Last Exit from Afghanistan

Will peace talks with the Taliban and the prospect of an American withdrawal create a breakthrough or a collapse?

In my meeting with Ghani, he seemed abandoned, like a pilot pulling levers that weren’t connected to anything. He professed gratitude to the United States, but was clearly uneasy with the deal. Recently, he said, he had ordered the release of five thousand Taliban prisoners—“not because I wanted to, because the U.S. pushed me.” He feared a security disaster, as Taliban fighters returned to the streets and American soldiers left the country. “The U.S. can withdraw its troops anytime it wants, but they ought to negotiate with the elected President,” he went on. “They should call me. I’m the elected President.”

She Killed an American in 2012. Why Was She Freed in the Taliban Deal?

The internal debate in Washington over the fate of an Iranian prisoner in Afghanistan illustrates one of the difficult decisions the end of a war brings.

As peace negotiations between the Afghan government and the Taliban continue in Qatar, the internal debate in Washington over Ms. Hasan’s fate illustrates one of the difficult decisions that efforts to end a war can bring. To some officials, particularly those inside the F.B.I. and other national security organizations, her release by the Afghan government, under pressure from the Trump administration, was an affront to justice.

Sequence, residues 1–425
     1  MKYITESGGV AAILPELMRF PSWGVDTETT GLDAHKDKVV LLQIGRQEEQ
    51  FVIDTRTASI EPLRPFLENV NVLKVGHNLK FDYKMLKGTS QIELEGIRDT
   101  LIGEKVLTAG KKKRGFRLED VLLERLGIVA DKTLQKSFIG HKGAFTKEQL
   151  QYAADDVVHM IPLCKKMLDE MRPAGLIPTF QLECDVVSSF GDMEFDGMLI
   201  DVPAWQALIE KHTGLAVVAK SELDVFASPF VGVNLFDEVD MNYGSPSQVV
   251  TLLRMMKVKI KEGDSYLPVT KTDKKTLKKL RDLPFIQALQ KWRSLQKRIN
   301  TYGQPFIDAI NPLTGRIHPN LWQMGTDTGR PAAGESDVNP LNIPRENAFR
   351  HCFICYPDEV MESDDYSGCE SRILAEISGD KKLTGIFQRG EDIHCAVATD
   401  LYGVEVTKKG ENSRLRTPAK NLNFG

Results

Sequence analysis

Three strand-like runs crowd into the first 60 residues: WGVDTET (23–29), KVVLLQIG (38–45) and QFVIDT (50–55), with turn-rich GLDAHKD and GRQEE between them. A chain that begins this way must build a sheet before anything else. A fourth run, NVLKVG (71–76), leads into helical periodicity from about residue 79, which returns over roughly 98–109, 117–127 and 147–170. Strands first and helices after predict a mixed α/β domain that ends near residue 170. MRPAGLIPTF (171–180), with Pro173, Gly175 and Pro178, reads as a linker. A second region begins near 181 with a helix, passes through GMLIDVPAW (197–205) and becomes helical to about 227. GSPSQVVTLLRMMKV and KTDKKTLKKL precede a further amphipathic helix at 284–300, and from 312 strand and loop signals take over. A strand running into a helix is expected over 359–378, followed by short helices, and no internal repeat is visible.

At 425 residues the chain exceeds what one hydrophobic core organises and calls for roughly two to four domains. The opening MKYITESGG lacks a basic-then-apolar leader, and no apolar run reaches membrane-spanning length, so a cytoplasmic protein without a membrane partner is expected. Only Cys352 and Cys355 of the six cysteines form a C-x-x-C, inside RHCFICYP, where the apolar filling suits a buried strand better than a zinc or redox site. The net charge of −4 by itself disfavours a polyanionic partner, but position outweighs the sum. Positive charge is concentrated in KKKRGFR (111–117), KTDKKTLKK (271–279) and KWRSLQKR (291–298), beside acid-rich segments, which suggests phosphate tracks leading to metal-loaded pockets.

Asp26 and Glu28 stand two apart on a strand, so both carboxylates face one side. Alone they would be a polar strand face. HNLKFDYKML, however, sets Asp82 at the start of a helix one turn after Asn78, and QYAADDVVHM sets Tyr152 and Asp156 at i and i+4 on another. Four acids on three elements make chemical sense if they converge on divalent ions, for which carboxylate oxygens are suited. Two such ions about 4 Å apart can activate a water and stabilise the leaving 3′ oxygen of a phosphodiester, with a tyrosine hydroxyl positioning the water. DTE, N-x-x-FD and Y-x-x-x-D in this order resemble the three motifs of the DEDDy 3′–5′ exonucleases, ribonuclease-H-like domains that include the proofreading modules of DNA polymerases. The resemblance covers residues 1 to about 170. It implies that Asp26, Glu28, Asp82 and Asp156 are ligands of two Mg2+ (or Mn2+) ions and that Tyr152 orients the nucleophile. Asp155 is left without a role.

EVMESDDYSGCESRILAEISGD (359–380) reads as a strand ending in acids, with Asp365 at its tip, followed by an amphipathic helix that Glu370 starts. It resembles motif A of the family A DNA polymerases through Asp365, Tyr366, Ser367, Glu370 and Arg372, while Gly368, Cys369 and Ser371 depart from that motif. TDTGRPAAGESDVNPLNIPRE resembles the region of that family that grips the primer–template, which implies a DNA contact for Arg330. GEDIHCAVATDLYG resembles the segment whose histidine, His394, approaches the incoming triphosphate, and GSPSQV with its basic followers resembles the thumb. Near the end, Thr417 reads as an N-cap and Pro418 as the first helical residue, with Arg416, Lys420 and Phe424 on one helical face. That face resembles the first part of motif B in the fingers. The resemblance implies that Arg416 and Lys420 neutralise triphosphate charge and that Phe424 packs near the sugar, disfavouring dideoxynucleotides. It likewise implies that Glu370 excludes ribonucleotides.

‘I Could Just Vanish’: In Kabul, Pocket Notes to Prevent Anonymous Death

As violence engulfs them, some Afghans carry notes with their names, blood types and relatives’ phone numbers in case they are killed or severely wounded.

“This is how we live in Afghanistan,” she added. “It is not just me. I talk to some people who say goodbye to their families every morning because they don’t know what will happen to them during the day.”

Targeted Killings Are Terrorizing Afghans. And No One Is Claiming Them.

Most officials believe the Taliban are behind the attacks on civil leaders, but others fear that factions are using chaos as a cover to settle scores, in an echo of Afghanistan’s past civil war.

KABUL, Afghanistan — A military prosecutor who thought upholding the law was the highest honor, a doctor who inspired her family to study medicine, a journalist who wanted to hold those in power to account and a human-rights activist who sought to combat poverty in her home province: all murdered within weeks by unknown attackers as winter settled over Afghanistan.

How a ‘Distorted Culture’ Led Elite Australian Troops to Kill 39 Helpless Afghans

The findings of a long-awaited military inquiry painted a scathing picture of a cavalier and deceitful ethos among special forces.

Commanders ordered junior soldiers to execute prisoners so they could record their first “kill,” then covered up their actions. Adolescents, farmers and other noncombatants were shot dead in circumstances clearly outside the heat of battle. Superior officers created such a godlike aura around themselves that troops dared not question them, even as 39 Afghans were unlawfully killed.

Why Trump Carried Out His Pentagon Purge

With his Administration coming to a close, the President is still reshaping the government around himself.